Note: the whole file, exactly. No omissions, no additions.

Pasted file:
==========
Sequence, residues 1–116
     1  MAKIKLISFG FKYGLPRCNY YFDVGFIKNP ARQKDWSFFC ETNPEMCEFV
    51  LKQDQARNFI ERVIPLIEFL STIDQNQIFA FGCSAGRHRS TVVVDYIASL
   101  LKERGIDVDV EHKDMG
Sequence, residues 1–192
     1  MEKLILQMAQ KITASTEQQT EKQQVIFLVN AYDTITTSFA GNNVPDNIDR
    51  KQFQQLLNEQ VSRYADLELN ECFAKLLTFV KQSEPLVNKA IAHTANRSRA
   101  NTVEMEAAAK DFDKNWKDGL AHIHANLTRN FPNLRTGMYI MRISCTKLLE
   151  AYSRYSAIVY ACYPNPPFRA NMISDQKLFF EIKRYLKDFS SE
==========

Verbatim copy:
Sequence, residues 1–116
     1  MAKIKLISFG FKYGLPRCNY YFDVGFIKNP ARQKDWSFFC ETNPEMCEFV
    51  LKQDQARNFI ERVIPLIEFL STIDQNQIFA FGCSAGRHRS TVVVDYIASL
   101  LKERGIDVDV EHKDMG
Sequence, residues 1–192
     1  MEKLILQMAQ KITASTEQQT EKQQVIFLVN AYDTITTSFA GNNVPDNIDR
    51  KQFQQLLNEQ VSRYADLELN ECFAKLLTFV KQSEPLVNKA IAHTANRSRA
   101  NTVEMEAAAK DFDKNWKDGL AHIHANLTRN FPNLRTGMYI MRISCTKLLE
   151  AYSRYSAIVY ACYPNPPFRA NMISDQKLFF EIKRYLKDFS SE